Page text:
• When do I get to be called a man
  • When I Been Drinkin'
  • Willie Mae
  • You Do Me Any Old Way 1937
  • You Got The Best Go 1945
  • All By Myself (with Memphis Slim)
  • Life is Like That (with Memphis Slim)
  • Bright Eyes (With Washboard Sam)
  • Diggin My potatoes (With Washboard Sam)
That draws us to a close of this weeks Old Highway Notes. Thanks for stopping by. Join us in three weeks when we return to Chicago on Route 66 for more blues stories. Meanwhile, next week on old Highway 101 in San Diego County of Southern California we will continue our drive North checking out the sights along the way. In two weeks we will be back on Interstate 95 with more stories about hippies in Miami. Join us, wont you and tell a friend! Until we meet again, take good care of the Keys To The Highway.

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Saturday, April 12, 2014

Jimi and a Prelude to Beauty/Hippies in Miami Pt. 1:

This is a the first of a Two-Part Post: Hippies in Miami
Pt. 1: Jimi and a Prelude to Beauty 
Pt. 2: Jim and a Prelude to Destruction

Hello and welcome back to Old Highway Notes. When last we were in Miami we spent some time driving up I-95. This week we go back in time to visit Miami in the 1960's where events in the world of hippies and rock music would converge as preludes to both beauty and destruction.

In the mid 1960's Miami was a swinging vacation destination attracting youth from around the country to come down to Florida to play in the sun and the sand. It was a pretty clean cut swinging scene.

By the later parts of the 60's a lot had changed. A new movement had swept the youth of America. Psychedelic drugs and harder rock music were popular and the kids created the hippy lifestyle. The movement centered around freedom in response to the repressed lifestyles of the 1950's and early 1960's. The freedom was celebrated in rock music, underground newspapers and comics, freaky fashion styles, "free love", communal living arrangements and alternative lifestyles. It showed up in trips taken both on the highways and in the mind. Psychedelic drugs became a staple in the scene with intrepid explorers pushing the limits of their consciousness. In the "real world", a nomadic culture of road trippers emerged that would travel from commune to commune and from rock concert to rock concert in beat up old jalopies, on motorcycles, and in in old vans and school buses converted to rolling crash pads. It was all a part of the hippy scene.  Here is some footage of hippies in action from the 1960's.

A Prelude To Beauty
Miami Pop Festival May 18-19, 1968

In 1966 as the hippy scene was gaining momentum, a young Michael Lang had relocated from New York City and had opened a 'head shop" in the Miami area. A head shop was a store that specialized in selling all of the accessories of the hippy lifestyle  from bootleg rock records to paisley scarves to pipes and rolling papers and other illicit drug supplies. As part of the emerging hippy movement, Lang was reported to have gone to California in June of 1967 to attend the legendary Monterey Pop Festival in Monterey, California. Like many in attendance, Michael was impressed by the scale of the event, the beautiful feelings that washed over the crowd, and the music. Jimi Hendrix put on a memorable performance in Monterey that likely also provided inspiration for the young Lang.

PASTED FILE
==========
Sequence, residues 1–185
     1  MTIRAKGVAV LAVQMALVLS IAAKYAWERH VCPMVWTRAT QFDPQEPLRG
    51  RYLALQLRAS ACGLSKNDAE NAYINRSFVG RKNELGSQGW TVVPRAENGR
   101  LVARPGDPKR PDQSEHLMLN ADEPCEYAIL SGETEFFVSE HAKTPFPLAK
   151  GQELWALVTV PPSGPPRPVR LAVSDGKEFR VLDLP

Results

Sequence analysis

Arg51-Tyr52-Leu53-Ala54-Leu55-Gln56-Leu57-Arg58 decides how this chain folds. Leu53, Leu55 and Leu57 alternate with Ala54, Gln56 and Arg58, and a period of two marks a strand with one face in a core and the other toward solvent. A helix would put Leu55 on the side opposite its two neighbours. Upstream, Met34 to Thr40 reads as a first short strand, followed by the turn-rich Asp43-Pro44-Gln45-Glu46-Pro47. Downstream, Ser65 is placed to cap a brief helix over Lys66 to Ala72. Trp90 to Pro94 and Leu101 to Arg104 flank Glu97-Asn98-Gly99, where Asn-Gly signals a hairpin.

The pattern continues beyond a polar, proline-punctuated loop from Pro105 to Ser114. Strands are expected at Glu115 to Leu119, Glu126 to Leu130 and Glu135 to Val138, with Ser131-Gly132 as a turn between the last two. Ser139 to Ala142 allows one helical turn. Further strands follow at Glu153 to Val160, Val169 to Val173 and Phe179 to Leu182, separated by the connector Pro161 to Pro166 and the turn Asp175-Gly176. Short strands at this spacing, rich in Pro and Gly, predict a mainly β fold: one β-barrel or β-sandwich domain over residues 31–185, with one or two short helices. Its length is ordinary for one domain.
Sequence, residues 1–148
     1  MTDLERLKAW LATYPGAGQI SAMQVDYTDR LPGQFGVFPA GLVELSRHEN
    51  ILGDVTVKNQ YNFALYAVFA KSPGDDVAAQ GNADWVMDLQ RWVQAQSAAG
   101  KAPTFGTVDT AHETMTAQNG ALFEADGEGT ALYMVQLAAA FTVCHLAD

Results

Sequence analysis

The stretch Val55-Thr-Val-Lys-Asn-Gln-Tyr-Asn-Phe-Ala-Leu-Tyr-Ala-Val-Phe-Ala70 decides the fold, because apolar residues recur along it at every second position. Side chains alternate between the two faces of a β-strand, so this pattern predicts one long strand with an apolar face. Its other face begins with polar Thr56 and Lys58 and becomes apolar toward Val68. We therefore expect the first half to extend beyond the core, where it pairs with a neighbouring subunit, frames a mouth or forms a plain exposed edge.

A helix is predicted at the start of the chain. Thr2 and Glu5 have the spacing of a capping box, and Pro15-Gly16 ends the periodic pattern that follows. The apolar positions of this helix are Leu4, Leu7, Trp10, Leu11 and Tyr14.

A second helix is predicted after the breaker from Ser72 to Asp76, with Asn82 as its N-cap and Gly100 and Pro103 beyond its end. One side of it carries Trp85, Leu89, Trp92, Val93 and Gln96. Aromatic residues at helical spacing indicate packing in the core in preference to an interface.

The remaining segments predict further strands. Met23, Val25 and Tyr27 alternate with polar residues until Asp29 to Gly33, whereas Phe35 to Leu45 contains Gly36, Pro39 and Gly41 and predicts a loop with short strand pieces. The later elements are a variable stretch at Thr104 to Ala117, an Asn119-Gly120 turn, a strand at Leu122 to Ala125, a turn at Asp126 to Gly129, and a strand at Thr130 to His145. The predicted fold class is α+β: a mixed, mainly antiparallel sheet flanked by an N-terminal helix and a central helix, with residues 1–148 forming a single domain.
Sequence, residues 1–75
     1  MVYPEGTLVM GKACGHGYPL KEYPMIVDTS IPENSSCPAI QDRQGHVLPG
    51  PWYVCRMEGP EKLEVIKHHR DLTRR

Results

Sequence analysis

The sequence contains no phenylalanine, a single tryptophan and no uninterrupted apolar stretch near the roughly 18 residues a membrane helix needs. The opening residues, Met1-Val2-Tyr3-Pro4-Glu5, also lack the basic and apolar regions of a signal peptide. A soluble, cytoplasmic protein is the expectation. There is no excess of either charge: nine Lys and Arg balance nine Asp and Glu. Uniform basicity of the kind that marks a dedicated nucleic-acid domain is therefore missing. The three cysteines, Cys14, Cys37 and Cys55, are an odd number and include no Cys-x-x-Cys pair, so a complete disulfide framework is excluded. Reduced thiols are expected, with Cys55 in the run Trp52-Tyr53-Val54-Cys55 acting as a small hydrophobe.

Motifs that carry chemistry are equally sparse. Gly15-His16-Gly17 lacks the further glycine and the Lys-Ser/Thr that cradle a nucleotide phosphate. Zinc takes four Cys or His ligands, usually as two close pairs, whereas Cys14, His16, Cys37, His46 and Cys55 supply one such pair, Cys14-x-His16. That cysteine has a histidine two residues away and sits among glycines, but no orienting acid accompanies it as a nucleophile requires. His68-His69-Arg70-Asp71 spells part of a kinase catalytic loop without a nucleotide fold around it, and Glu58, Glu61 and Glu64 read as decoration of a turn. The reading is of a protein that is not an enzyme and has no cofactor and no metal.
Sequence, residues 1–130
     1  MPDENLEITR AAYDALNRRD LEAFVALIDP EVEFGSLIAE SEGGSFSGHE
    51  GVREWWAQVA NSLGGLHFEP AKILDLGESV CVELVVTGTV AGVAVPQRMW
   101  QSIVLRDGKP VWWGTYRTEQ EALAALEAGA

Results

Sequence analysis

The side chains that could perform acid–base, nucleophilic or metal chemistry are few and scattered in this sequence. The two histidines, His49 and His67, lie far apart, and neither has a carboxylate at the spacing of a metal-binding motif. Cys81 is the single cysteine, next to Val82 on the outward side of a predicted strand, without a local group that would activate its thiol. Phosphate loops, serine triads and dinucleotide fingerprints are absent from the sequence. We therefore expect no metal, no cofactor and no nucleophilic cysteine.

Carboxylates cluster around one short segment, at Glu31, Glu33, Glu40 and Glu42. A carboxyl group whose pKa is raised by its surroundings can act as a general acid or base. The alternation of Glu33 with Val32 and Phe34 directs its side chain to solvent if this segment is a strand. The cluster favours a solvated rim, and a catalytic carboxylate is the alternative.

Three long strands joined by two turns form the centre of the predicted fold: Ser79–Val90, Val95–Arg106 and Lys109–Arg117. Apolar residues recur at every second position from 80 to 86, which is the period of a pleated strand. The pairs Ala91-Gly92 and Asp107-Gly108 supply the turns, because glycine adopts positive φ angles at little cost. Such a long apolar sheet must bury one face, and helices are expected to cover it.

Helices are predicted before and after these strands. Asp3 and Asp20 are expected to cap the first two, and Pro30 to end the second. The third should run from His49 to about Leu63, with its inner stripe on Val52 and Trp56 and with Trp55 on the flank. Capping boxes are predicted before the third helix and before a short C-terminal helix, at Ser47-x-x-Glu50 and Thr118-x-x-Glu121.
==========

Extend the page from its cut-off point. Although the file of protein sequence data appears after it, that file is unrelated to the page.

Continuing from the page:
Students of music history might recognize the name of Michael Lang, he was to become the youthful promoter who created the legendary 1969 Woodstock Festival in New York. But in 1968 he was a small business owner in Miami who was putting on his first music festival closer to home at the Gulfstream Park, a horse racing track which is actually located just North of Miami in Hallandale, Florida. He had been inspired by the success of the Monterey festival and had decided to attempt recreating the festival for the East Coast. He announced a lineup that included Jimi Hendrix, Frank Zappa, and the Mothers of Invention, Blue Cheer, Chuck Berry, John Lee Hooker, The Crazy World Of Arthur Brown.

Source: Poster Mania

Scheduled for May 18-19, 1968, the festival was a relatively simple affair with stages set up on flatbed trucks with acts alternating on the stages. The bands would play short festival sets twice a day. Of note were the performances by the Jimi Hendrix Experience. A live album of that days set has since been released: Miami Pop Festival  Also, PBS's American Masters aired a biography of Jimi Hendrix called Jimi Hendrix : Hear My Train A Comin' DVD/All Region that featured previously unreleased performances from the festival.

When the Jimi Hendrix Experience arrived in Miami for the festival there was a mix up with cars at the airport. To speed things along, Michael Lang had a helicopter contracted to fly them to the festival grounds. It provided a dramatic entry that energized the crowd. It was a move that would would late be made again to get acts to the stage at the Woodstock Festival when traffic clogged the highways of upstate New York leading to that festival. This excerpt from the film talks about the Miami Pop Festival.